Ontario and Michigan Partner in International Effort to Relocate Wolves to Isle Royale

Photo by NPS - Jim Peaco. Wolf #3 leaving her crate on Oct.2. 
Photo by NPS - Jim Peaco. Wolf #3 leaving her crate on Oct.2. 
Credit: USFWS/Courtney Celley The male wolf in the holding facility before transport.
Credit: USFWS/Courtney Celley
The male wolf in the holding facility before transport.

THUNDER BAY – The National Park Service will be relocating wolves from Ontario to Isle Royale this winter.  Isle Royale and their partners successfully relocated 4 wolves from Minnesota to the park this fall in the first phase of an effort to restore predator-prey dynamics to the island ecosystem.  The support and assistance of Michigan Governor Rick Snyder and Ontario Premier Doug Ford made the next phase of the Isle Royale wolf translocation project possible.

“Ontario and Michigan have a long history of friendship, an abundance of natural beauty and a proud tradition of working together to conserve our natural ecosystems,” said Ford. “We all have an important role to play in protecting the environment and we’re happy to do our part to help Michigan’s wildlife thrive.”

Wolves play a critical role in managing the moose population in Isle Royale National Park, preventing overgrazing of vegetation and sustaining the ecosystem dynamics. With very few wolves remaining at Michigan’s Isle Royale National Park and natural population recovery unlikely, Ontario has agreed to move several Ontario wolves during the winter months.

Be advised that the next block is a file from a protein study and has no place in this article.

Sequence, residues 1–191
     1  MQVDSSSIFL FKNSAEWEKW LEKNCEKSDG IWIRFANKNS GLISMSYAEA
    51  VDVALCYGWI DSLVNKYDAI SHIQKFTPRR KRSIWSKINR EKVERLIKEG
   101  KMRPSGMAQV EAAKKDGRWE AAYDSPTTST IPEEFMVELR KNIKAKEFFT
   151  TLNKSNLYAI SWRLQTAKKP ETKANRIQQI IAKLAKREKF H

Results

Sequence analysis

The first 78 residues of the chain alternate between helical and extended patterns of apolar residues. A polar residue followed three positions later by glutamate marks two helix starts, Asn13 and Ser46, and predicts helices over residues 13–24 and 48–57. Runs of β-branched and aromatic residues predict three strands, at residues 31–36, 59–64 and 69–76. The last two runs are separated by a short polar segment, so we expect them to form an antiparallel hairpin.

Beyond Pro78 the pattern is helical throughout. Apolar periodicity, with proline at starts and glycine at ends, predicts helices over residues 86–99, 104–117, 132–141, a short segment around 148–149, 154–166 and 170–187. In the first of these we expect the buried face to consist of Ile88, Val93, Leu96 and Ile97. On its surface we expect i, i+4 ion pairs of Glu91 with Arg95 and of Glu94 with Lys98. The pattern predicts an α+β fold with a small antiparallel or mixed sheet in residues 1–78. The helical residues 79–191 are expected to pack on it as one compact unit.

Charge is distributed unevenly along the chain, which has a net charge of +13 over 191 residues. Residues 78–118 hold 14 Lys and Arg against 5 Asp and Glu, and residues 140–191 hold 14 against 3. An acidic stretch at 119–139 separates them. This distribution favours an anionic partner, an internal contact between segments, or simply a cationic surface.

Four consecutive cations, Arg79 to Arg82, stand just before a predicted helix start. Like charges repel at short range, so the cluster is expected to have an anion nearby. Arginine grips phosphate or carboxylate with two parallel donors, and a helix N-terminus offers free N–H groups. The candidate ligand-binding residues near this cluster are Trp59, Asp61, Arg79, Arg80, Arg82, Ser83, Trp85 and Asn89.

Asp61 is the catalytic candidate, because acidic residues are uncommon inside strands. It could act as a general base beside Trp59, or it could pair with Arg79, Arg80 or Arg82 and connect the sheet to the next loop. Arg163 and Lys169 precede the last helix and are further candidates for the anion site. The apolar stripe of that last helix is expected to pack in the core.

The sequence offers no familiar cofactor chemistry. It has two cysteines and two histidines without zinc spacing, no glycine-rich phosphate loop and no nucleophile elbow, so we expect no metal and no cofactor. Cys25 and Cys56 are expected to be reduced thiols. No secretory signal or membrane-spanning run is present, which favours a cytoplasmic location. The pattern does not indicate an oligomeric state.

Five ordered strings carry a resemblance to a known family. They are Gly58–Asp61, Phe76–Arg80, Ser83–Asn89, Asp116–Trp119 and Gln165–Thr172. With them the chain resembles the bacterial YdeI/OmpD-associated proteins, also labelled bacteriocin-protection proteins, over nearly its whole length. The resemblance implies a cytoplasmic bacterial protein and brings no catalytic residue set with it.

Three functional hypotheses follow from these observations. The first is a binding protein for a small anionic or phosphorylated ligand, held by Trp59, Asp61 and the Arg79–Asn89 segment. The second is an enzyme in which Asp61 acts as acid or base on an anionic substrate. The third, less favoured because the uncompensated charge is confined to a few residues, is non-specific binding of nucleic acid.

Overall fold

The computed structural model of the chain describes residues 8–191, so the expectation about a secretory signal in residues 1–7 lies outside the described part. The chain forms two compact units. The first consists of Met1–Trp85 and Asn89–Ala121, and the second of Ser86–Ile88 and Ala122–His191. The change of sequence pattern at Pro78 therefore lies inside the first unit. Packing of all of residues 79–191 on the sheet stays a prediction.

“Michigan is proud to be part of this international effort to return a viable wolf population to Isle Royale, and we appreciate the partnership provided by Premier Ford in the effort,” Gov. Rick Snyder said. “This project will help the National Park Service restore ecological balance to the island park and preserve this wild and special place for generations to come.”

In addition, Isle Royale Park Superintendent Phyllis Green stated, “The National Park Service appreciates the support of Premier Ford and Governor Snyder in helping restore predator-prey dynamics to Isle Royale National Park’s ecosystem. In addition to individual wolves from Minnesota and Michigan, bringing Ontario wolves to the park provides the best mix of genetic sources for the reintroduced wolf population. This collaborative effort will help ensure the start of a robust population of wolves on Isle Royale.”

“We greatly appreciate the efforts of Michigan Governor Rick Snyder to facilitate this project and thank Premier Ford and Minister Jeff Yurek for their decision to provide Ontario wolves,” said Isle Royale Superintendent, Phyllis Green.   “We look forward to working with the professionals from the Ontario Ministry of Natural Resources and Forestry.”

Several wolves will be captured during the winter months and moved from Ontario to the isolated island park.   The wolves from Ontario will play a critical role in restoring a robust wolf population at Isle Royale that functions as an apex predator.

The winter effort is part of a three- to five-year plan to relocate 20 to 30 wolves to Isle Royale.

Researchers recommended this number of wolves to establish adequate genetic variability to help accomplish the overall goal of restoring predation as a key part of the ecosystem on the island.  The NPS along with its partners plans to monitor ecological conditions and other factors, such as predation rates, genetics, moose-wolf ratios, and terrestrial and aquatic vegetation impacts to evaluate project success.  Along with the state of Michigan and the province of Ontario, the NPS is collaborating with the Grand Portage Band of Lake Superior Chippewa, Michigan Department of Natural Resources, Minnesota Department of Natural Resources,  U.S. Fish & Wildlife Service, U.S. Department of Agriculture Wildlife Services, U.S. Geological Survey, University of Minnesota, and personnel from multiple NPS units.

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